Eritrea: Historical Outline
Like all African states. Eritrea came into being during the European colonial period. Prior to this time, a number of different peoples occupied present-day Eritrea though none controlled the entire area.
Some of these peoples established powerful kingdoms. Among them were the Axumite kingdom (1st-9th C.), the seven Beja kingdoms (8th-13th C.), and the Bellou kingdom (13th-16th C.).
Over the centuries, other kingdoms and empires also established outposts or exercised control over various parts of present-day Eritrea. These include the Ptolemic Egyptians (3rd C. BC), the Sennar kingdom (16th-19th C.), the Abyssinian kingdom (14th-18th C., 19th C.), the Adal sultanate (15th-16th C.), the Aussa sultanate (16th-19th C.), Egypt under Muhammad 'Ali (18th C.), and the Ottoman Turks (16th-19th C.).
All of the area now known as Eritrea was gradually united under Italian rule. The king of Italy issued a decree creating Eritrea on January 1, 1890.
Italy established an administrative structure and a transport and communications network in Eritrea. Italian settlers set up plantations and industries.
During World War ll, the British defeated the Italians and established a protectorate over Eritrea. Eritrea became an important center for British and American operations in the region during the war.
The 1950 United Nations resolution federating Eritrea with Ethiopia went into effect. The resolution ignored Eritreans' desire for independence but guaranteed them some democratic rights and autonomy.
The armed struggle for independence began after years of peaceful protest against Ethiopian violations of Eritrean democratic rights and autonomy produced no improvement in a deteriorating situation.
Using armed force, Ethiopia's emperor, Haile Sellassie, unilaterally dissolved the Eritrean parliament and annexed the country.
A coup in Ethiopia ended the rule of Emperor Haile Sellassie. The new military junta was called the "Derg."
The Soviet Union began supplying huge amounts of military aid to the Derg.
Faced with the new scale of warfare, the Eritrean People's Liberation Front (EPLF) made a strategic withdrawal from the cities which it had controlled.
With Soviet help, the Derg launched eight major offensives against the independence movement. All failed.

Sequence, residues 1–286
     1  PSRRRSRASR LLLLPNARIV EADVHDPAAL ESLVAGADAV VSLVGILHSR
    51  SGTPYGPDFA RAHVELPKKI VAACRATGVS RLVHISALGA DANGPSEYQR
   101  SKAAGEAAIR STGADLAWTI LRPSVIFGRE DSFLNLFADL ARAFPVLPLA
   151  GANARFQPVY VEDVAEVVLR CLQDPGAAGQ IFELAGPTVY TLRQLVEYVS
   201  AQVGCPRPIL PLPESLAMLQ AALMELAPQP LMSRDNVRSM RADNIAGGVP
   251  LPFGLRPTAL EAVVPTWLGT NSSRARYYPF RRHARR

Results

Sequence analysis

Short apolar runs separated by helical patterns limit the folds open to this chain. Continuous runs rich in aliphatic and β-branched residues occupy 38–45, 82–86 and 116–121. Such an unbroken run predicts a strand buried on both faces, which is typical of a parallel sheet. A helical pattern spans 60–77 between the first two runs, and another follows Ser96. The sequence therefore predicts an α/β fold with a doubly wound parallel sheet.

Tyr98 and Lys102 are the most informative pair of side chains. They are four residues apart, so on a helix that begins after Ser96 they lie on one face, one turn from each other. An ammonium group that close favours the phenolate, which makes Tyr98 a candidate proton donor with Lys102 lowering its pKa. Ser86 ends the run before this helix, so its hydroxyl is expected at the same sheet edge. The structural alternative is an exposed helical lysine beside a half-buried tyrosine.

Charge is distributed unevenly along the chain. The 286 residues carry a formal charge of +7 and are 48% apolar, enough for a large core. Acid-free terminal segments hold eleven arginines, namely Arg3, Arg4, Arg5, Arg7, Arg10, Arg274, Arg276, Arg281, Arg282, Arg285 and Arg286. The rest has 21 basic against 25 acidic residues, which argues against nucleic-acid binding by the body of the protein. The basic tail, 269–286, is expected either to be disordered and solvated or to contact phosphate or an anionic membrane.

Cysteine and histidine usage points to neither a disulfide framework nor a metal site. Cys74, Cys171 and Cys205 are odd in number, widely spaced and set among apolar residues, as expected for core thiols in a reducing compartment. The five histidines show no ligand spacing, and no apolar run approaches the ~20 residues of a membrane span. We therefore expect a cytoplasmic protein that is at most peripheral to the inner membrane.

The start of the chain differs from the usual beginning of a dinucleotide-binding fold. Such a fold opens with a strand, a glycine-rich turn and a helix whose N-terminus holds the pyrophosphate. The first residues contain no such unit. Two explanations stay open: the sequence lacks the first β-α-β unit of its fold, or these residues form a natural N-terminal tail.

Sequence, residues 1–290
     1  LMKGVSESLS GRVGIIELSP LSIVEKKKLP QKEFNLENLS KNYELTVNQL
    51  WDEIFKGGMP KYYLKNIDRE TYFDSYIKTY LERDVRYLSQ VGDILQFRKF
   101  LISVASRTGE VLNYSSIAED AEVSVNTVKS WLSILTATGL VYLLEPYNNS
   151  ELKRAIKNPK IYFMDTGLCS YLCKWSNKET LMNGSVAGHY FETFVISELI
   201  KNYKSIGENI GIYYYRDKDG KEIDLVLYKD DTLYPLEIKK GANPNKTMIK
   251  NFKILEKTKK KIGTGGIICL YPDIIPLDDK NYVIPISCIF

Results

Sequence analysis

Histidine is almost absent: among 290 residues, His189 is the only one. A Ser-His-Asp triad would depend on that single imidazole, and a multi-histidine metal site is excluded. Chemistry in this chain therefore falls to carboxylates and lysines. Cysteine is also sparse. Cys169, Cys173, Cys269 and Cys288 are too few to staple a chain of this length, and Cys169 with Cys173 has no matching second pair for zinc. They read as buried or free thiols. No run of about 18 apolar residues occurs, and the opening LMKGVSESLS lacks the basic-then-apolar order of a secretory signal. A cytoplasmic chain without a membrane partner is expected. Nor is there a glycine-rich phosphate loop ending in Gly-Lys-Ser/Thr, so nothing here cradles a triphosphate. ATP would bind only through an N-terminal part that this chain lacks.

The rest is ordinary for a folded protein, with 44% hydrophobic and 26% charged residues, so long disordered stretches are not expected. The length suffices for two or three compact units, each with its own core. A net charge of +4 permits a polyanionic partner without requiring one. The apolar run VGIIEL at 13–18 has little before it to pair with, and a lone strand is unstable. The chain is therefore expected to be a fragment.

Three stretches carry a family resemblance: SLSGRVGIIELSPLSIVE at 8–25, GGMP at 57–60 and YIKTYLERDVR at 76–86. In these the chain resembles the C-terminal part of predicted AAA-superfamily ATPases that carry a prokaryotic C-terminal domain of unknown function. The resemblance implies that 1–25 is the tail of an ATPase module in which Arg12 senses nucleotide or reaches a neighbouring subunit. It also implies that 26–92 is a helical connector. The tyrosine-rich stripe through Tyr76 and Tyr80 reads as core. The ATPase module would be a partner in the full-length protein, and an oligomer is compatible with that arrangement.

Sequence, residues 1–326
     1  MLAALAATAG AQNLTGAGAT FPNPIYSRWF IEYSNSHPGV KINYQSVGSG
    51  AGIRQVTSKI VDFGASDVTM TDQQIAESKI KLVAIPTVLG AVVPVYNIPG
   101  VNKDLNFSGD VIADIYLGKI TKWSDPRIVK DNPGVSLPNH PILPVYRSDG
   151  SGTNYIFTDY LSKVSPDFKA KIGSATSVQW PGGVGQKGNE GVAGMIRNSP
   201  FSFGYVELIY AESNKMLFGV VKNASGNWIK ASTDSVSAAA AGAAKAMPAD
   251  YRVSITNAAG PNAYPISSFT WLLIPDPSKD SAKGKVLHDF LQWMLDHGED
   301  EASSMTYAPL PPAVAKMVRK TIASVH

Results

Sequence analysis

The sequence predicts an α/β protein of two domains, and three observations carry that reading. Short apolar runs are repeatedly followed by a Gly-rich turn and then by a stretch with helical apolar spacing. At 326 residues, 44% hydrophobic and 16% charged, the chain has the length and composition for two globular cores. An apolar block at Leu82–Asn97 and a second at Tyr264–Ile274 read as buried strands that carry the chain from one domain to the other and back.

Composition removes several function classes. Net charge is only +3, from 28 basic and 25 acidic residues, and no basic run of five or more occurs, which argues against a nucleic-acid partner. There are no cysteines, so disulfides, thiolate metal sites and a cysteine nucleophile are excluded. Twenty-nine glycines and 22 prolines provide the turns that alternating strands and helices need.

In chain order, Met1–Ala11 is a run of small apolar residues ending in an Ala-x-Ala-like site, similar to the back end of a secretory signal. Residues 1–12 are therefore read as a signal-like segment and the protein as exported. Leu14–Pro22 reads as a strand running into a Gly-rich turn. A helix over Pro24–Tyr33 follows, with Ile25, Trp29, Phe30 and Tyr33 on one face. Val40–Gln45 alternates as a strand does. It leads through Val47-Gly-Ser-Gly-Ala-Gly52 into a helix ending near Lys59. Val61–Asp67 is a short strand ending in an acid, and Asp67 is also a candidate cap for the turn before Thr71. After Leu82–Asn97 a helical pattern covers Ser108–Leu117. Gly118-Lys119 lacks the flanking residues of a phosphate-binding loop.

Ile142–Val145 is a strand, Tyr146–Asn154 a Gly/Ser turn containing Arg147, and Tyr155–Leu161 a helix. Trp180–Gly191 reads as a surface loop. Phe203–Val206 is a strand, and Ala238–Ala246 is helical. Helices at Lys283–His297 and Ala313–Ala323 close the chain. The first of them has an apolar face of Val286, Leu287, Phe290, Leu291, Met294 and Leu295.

The EPLF captured Afabet, headquarters of the Ethiopian army on the north- eastern front in Eritrea. EPLF fighters moved into the area around Keren, Eritrea's second largest city. In the face of these losses, the Ethiopian army withdrew from several cities and towns in the western lowlands.
In February, the EPLF captured the port of Massawa. The Derg immediately began bombing and shelling the city. The EPLF offered to open the port for relief aid shipments but, because of Derg objections and the continued bombing, shipments did not start until January 1991.
The EPLF liberated the entire country in May and established the Provisional Government of Eritrea (PGE). At the same time, the EPRDF overthrew the Derg a Transitional Government was established in Ethiopia.
In April. 98.5% of registered voters turned out for the internationally monitored referendum. The result was a resounding vote for independence: 99.8% said 'yes" for independence. The head of the United Nations observer mission said the referendum was "free and fair at every stage." Other observer groups also confirmed this.
As Eritreans celebrated their official independence day on 24 May, the government was enlarged and reorganized. The National Assembly, the highest legal body, set the goals to be accomplished within a four year period: the drafting of a democratic constitution which guarantees the basic rights of all citizens and political pluralism. and the establishment of an elected government.
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